If you’re a film buff, you know there are unexplained things in sci-fi movies all the time. Someone will tech the tech or a robot can suddenly fly and no one bats an eye. Sometimes these scifi movies with unexplained plot points work wonderfully without keying the audience in on their artistic choices, but some scif-i films with unexplained moments leave the viewers scratching their heads, trying to figure out what they just witnessed. In the world of film, the suspension of disbelief is necessary for you to go along with a farm boy from Tatooine harnessing a magical force and defeating an army, but suspension of disbelief doesn’t really work when you have him falling in love with his sister.
There are plenty of science fiction films where audiences are willing to overlook simple things like characters showing up in a new room, or knowing how to drive a time machine despite never actually seeing one before. However, if you focus on these things, you start to lose the magic of the film. While some scifi films can get away with never explaining their scenes, there are a few that lose viewers completely when they try to pull some of the downright disrespectful jive that you’re about to see.
Vote on the sci-fi films that were better off for never explaining that one thing. Vote down the films where the lack of explanation doesn’t really work.
Most of the weird scenes and plot holes in almost every Spielberg film can be brushed off with the conceit that Steven Spielberg makes rad moves everyone loves. But, in Jurassic Park, when the T-Rex shows up and saves everyone from those d-bag raptors, it's hard not to wonder how he got in the building. Is there a special T-Rex door? There's probably a special T-Rex door.
#30 on The Best Movies of All Time
Yeah. So. The whole T2 thing. To recap, Sarah Connor, mother of John Connor (who the Terminator comes back to protect this time, because he's been reprogrammed by some human rebels), decides to kill Myles Dyson, creator of Skynet, so he can't create Skynet or develop terminators. This would ostensibly save the world.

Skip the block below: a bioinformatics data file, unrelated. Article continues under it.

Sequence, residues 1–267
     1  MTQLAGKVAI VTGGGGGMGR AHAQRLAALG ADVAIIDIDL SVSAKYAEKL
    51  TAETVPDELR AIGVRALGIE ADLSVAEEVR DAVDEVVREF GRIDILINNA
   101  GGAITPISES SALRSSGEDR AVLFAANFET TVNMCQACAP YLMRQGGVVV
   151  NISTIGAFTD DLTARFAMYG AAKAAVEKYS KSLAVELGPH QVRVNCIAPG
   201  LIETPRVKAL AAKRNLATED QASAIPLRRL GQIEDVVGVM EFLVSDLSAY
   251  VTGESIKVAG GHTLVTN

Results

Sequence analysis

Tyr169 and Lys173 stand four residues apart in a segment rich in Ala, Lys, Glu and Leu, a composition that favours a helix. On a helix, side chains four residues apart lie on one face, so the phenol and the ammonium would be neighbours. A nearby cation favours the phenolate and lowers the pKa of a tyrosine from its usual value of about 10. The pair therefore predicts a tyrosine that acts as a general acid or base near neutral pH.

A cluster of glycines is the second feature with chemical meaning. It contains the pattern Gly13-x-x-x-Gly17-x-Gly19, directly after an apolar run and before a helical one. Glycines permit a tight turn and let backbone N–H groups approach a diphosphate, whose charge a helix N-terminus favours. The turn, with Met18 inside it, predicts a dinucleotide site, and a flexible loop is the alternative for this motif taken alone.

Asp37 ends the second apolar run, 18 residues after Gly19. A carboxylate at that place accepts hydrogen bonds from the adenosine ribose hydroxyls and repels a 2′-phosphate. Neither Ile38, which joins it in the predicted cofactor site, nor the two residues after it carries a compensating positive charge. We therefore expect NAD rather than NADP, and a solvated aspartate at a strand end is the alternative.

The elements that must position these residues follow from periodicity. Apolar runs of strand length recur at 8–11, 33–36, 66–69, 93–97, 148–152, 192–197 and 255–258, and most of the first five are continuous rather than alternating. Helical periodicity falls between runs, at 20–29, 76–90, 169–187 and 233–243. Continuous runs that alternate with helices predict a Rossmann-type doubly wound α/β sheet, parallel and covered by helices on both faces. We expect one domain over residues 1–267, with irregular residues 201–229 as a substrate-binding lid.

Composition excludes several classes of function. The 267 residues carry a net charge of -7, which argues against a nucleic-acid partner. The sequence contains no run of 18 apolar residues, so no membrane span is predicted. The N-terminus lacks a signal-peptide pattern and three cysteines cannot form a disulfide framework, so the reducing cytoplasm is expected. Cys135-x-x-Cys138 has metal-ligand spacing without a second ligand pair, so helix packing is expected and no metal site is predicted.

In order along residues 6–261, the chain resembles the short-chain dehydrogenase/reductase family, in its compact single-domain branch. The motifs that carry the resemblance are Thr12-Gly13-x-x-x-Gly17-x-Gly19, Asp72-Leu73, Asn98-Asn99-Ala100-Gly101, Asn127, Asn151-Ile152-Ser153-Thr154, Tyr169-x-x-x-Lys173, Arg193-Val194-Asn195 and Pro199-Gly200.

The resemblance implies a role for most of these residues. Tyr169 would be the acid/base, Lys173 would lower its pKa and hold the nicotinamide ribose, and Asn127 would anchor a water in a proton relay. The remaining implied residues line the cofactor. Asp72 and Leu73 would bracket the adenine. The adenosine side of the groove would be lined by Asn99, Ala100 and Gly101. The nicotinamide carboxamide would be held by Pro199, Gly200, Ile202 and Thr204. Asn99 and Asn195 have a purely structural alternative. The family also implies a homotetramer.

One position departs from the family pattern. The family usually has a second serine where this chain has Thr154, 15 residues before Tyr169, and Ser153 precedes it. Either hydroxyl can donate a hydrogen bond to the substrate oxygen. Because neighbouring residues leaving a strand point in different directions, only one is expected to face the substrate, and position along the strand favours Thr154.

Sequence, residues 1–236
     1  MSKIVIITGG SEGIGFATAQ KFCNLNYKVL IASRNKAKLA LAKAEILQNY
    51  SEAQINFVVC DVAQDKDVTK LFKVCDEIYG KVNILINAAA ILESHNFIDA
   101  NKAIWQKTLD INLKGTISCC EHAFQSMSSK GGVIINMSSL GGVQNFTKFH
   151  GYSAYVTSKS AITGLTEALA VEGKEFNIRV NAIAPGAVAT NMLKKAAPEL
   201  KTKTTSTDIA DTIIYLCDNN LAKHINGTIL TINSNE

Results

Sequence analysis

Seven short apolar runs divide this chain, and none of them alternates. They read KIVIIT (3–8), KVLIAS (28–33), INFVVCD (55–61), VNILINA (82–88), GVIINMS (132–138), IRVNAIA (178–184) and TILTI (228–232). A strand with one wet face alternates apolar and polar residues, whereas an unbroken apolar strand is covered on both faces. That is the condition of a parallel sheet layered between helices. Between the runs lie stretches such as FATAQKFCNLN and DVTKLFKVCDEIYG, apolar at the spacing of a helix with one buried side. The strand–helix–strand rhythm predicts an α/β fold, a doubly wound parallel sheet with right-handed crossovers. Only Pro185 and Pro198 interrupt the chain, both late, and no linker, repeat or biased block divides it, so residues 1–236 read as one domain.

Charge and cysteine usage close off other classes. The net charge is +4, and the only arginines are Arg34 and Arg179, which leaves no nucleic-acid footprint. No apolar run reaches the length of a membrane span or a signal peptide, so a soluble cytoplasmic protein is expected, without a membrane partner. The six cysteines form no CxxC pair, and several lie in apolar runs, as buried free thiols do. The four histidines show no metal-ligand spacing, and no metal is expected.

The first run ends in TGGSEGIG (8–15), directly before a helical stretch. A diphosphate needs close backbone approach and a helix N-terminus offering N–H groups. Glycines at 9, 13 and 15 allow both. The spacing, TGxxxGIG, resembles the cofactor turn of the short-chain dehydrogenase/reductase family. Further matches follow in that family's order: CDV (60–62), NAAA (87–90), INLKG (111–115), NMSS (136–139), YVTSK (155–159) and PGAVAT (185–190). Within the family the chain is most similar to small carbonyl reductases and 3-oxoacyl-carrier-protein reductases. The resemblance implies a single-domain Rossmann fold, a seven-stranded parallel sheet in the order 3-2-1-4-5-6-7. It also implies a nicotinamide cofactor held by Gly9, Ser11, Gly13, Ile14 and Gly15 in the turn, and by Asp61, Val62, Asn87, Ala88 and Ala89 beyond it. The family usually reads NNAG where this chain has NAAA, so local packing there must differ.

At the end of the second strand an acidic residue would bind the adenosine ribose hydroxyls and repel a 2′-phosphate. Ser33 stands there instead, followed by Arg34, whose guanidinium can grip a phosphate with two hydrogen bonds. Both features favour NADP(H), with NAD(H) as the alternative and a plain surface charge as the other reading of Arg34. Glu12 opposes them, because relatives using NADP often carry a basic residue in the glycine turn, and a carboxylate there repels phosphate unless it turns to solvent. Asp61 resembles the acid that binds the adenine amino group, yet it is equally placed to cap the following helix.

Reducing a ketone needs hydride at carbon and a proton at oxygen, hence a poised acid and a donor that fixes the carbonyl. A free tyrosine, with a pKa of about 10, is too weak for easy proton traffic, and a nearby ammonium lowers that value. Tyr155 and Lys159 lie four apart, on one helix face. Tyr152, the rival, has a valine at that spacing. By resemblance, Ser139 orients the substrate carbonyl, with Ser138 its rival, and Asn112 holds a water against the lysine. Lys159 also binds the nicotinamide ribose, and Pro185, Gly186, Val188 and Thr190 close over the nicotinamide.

What do we learn when she goes to kill him? He developed terminator technology using pieces of the terminator that came back in the first movie. Which means, if the terminator never went back in time in the first place, terminators wouldn't exist. There's surely some philosophical argument to be had here about fate - Sarah Connor does, after all, carve the phrase "no fate" into a picnic table at one point - but this is never explicitly addressed, so the audience is simply left to wonder, "What in the f*ck of all f*cking f*cks is happening right now?"
And one more thing - if the humans reprogram a terminator to protect Sarah and John, why would they make it look exactly like the terminator (albeit aged 8 years) that tried to kill Sarah in the first movie? It never occurred to them how traumatizing that would be? And if the terminator never went back in time in the first movie, John Connor wouldn't have been born, because the guy sent to protect Sarah... wait, hold on. If Sarah was never visited by terminators, she never would've trained her son to fight them... he's Jesus, isn't he? John Connor is Jesus. Which negates all logic in and of itself.
#21 on The Most Rewatchable Movies
#36 on The Best Movies of All Time
Quite possibly one of the most biggest unexplained things in all of science fiction is the fact that you can't feed mogwais after midnight without them turning into gremlins. lIs there a "true midnight" that all mogwai brains correspond with? Or do they acclimate to their surroundings? Like, if you took a mogwai on an international flight, what would happen?
Also, you're not supposed to get them wet, or expose them to bright light. But according to mogwai lure, they're from China. Yep. No bright lights in China. Not in Hong Kong or Shanghai for sure. And it's not like Hong Kong can get as much as 10 feet of rainfall a year. These mogwai sure are tricky creatures.
#84 on The Most Rewatchable Movies
#5 on The Best Movies of 1984
This unexplained moment can probably be explained in a deleted scene, or by texting Ridley Scott late at night (if you have his number, which you probably do, since he has a habit of hanging out at IHOP at 3:00 am in a different city every night, giving out his cell number), but how did the titular creature get on the escape pod for the final scene? Like, seriously? How did the f*cking thing get past Ripley? And the closed doors? And that cat? Because that cat don't play.
The answer probably lies somewhere between "alien vanishing powers," and "there was no money to shoot the alien entering the craft wearing a fake mustache."
#10 on The Best '70s Movies
#50 on The Best Movies of All Time